• During this last year, many things we might have done never did get done. For many different reasons. One thing that I didn’t do that in more ‘normal’ times I would have done without thinking was to renew my passport. I imagine there will come a day when I will get round to it, but for now its not very far up my ‘to do’ list. There has been a lot of talk about ‘passports’ this last week. Or to use the proper term, ‘Covid Status Certificates.’ …

  • - Deserving of equal dignity

    When we read of Jesus’ resurrection appearances, we find that each Gospel tells it differently. Some people find the accounts to be contradictory, others read them as complementary. In the end, each one of us has to decide for oneself. But there is one thing that each of the four Gospel writers agree on, that it was a woman …

  • - ‘Line of Duty’

    So, were you, like me, one of the 9.6 million viewers who tuned in last Sunday evening to watch the first episode of series 6 of ‘Line of Duty’? I have to admit that I’ve been hooked right from the very beginning: Superintendent Hastings (Ted), DI Fleming (Kate), & DS Arnott (Steve) – AC 12’S finest – they are family.

  • - The year of ‘lockdowns’

    Next Tuesday, the 23rd March will be the anniversary of when we first went into ‘lockdown’. At that time none of us quite knew what lay ahead of us. But we did have a sense that this was serious. Well, now we know. And having lived through it, each one of us, nothing more need be said. But it may be that for all of us, there is a need to think about just what this last year has meant for us…

  • - Racism is a sin

    o, did you watch ‘that’ interview? What did you make of Meghan & Harry? Did it change your mind about the Royal Family? I confess that I did not watch it. But whether you did or not, none of us is immune to the issues raised, most especially that of alleged racism. Paul says that ‘all have sinned’ – which means that all of us, at some time or another put ourselves first at the expense of others;

  • During this last year, many things we might have done never did get done. For many different reasons. One thing that I didn’t do that in more ‘normal’ times I would have done without thinking was to renew my passport. I imagine there will come a day when I will get round to it, but for now its not very far up my ‘to do’ list. There has been a lot of talk about ‘passports’ this last week. Or to use the proper term, ‘Covid Status Certificates.’ …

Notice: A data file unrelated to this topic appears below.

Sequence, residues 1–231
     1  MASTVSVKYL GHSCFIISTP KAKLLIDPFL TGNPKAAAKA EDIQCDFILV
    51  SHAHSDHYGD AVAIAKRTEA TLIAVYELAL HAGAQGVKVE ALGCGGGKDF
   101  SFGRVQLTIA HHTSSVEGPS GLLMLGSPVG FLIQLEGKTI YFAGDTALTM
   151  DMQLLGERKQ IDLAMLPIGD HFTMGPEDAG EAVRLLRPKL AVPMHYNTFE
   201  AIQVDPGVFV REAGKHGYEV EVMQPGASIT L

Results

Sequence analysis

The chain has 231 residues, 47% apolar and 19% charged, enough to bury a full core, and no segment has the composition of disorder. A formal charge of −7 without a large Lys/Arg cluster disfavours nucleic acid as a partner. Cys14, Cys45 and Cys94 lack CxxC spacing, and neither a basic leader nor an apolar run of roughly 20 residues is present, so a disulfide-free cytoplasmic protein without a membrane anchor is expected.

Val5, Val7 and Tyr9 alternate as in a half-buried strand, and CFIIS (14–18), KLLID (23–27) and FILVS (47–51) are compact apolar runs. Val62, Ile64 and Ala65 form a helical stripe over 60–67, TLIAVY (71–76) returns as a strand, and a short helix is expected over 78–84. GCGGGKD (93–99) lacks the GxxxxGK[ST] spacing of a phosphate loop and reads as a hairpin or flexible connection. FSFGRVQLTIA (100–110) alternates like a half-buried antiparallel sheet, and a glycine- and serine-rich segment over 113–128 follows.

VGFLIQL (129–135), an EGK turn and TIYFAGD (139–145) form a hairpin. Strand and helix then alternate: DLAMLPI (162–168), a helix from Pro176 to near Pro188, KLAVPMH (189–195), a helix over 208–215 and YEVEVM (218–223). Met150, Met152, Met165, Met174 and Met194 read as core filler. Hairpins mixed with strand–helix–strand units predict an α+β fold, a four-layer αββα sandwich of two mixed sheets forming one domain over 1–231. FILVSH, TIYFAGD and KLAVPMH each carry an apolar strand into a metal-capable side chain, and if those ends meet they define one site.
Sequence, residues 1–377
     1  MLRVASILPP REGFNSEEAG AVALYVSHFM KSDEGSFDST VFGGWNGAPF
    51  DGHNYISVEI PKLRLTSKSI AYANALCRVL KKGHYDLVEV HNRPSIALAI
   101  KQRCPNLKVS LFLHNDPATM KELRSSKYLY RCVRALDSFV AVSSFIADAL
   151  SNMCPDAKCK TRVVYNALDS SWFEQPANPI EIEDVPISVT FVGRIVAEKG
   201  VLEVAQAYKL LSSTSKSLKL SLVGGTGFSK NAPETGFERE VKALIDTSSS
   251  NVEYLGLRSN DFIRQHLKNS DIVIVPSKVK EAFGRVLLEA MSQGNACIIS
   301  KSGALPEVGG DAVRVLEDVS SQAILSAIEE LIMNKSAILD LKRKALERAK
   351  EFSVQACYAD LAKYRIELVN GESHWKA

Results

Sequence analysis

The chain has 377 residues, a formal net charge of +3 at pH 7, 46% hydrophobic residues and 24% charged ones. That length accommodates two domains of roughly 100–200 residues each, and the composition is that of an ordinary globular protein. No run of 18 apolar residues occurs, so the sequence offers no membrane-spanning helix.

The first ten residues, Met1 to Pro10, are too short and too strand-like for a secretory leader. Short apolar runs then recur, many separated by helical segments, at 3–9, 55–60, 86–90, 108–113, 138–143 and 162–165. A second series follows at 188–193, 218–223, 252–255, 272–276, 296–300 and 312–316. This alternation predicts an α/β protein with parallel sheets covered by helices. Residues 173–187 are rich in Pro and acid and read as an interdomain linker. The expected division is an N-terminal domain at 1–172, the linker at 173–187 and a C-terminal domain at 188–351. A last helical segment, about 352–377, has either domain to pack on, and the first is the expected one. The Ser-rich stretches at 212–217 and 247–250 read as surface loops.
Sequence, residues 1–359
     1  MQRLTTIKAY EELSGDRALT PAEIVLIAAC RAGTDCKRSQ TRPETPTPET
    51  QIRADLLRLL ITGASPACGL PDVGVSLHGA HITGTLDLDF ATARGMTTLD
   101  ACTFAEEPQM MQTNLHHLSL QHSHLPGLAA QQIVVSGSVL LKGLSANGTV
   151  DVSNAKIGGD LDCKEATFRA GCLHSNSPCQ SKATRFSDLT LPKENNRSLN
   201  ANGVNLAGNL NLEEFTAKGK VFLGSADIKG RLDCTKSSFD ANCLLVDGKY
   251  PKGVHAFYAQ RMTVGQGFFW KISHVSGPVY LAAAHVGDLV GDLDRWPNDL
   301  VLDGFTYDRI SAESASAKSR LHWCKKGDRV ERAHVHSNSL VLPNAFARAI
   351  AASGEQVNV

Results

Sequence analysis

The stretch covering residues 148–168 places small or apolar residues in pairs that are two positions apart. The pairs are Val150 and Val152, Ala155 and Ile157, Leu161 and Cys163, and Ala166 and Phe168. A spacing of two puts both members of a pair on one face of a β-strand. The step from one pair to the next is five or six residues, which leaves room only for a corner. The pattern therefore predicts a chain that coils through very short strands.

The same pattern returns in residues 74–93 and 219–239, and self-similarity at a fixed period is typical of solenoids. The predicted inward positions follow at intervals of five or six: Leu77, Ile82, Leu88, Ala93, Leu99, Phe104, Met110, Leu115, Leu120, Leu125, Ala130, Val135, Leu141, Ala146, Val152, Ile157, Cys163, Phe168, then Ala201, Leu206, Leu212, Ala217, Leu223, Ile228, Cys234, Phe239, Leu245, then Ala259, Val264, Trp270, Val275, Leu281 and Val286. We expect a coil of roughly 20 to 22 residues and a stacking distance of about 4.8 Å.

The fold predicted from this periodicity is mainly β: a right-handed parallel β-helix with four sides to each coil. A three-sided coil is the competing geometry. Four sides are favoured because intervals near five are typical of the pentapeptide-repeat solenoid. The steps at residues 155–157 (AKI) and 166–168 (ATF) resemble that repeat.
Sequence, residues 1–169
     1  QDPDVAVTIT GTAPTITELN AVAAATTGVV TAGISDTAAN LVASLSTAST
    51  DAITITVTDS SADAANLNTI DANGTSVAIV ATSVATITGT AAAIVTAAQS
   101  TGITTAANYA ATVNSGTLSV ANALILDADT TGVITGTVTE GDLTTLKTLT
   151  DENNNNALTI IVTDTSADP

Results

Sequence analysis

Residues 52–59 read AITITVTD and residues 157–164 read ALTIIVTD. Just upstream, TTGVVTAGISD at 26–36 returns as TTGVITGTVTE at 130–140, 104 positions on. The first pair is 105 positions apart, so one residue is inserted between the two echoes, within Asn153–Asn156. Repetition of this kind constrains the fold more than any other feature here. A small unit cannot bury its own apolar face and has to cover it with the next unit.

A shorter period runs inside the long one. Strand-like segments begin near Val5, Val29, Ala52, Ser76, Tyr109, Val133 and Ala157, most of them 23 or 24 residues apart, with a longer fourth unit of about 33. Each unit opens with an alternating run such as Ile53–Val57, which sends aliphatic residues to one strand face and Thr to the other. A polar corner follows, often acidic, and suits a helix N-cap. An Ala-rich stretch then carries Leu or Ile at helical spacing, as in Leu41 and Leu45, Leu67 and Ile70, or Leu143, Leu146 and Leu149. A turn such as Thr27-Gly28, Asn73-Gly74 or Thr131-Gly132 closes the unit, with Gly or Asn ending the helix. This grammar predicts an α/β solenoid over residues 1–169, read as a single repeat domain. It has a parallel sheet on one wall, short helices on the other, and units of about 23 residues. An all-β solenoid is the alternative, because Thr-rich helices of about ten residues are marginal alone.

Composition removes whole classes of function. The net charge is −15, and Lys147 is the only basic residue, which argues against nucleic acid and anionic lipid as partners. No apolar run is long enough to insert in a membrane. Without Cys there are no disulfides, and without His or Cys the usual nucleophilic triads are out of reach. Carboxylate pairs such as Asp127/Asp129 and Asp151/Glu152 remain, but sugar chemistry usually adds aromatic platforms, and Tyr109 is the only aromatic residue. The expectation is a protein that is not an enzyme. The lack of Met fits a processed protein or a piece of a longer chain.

• - Deserving of equal dignity

    When we read of Jesus’ resurrection appearances, we find that each Gospel tells it differently. Some people find the accounts to be contradictory, others read them as complementary. In the end, each one of us has to decide for oneself. But there is one thing that each of the four Gospel writers agree on, that it was a woman …

  • - ‘Line of Duty’

    So, were you, like me, one of the 9.6 million viewers who tuned in last Sunday evening to watch the first episode of series 6 of ‘Line of Duty’? I have to admit that I’ve been hooked right from the very beginning: Superintendent Hastings (Ted), DI Fleming (Kate), & DS Arnott (Steve) – AC 12’S finest – they are family.

  • - The year of ‘lockdowns’

    Next Tuesday, the 23rd March will be the anniversary of when we first went into ‘lockdown’. At that time none of us quite knew what lay ahead of us. But we did have a sense that this was serious. Well, now we know. And having lived through it, each one of us, nothing more need be said. But it may be that for all of us, there is a need to think about just what this last year has meant for us…

  • - Racism is a sin

    o, did you watch ‘that’ interview? What did you make of Meghan & Harry? Did it change your mind about the Royal Family? I confess that I did not watch it. But whether you did or not, none of us is immune to the issues raised, most especially that of alleged racism. Paul says that ‘all have sinned’ – which means that all of us, at some time or another put ourselves first at the expense of others;

  • - Budget Day

    Today, Wednesday, is Budget Day; one of the great political ‘set piece’ occasions of the year. It used to be that everything in the Budget was kept a closely guarded secret until revealed by the Chancellor during his actual Budget speech. Nowadays it is as if it is ‘open season’ on what the speech will contain. Its not for me to comment on any particular proposals. Each one of us will reach our own judgement about such things. But it does serve to remind us that whilst the Pandemic is primarily a human tragedy –

  • - A Church Anniversary during Covid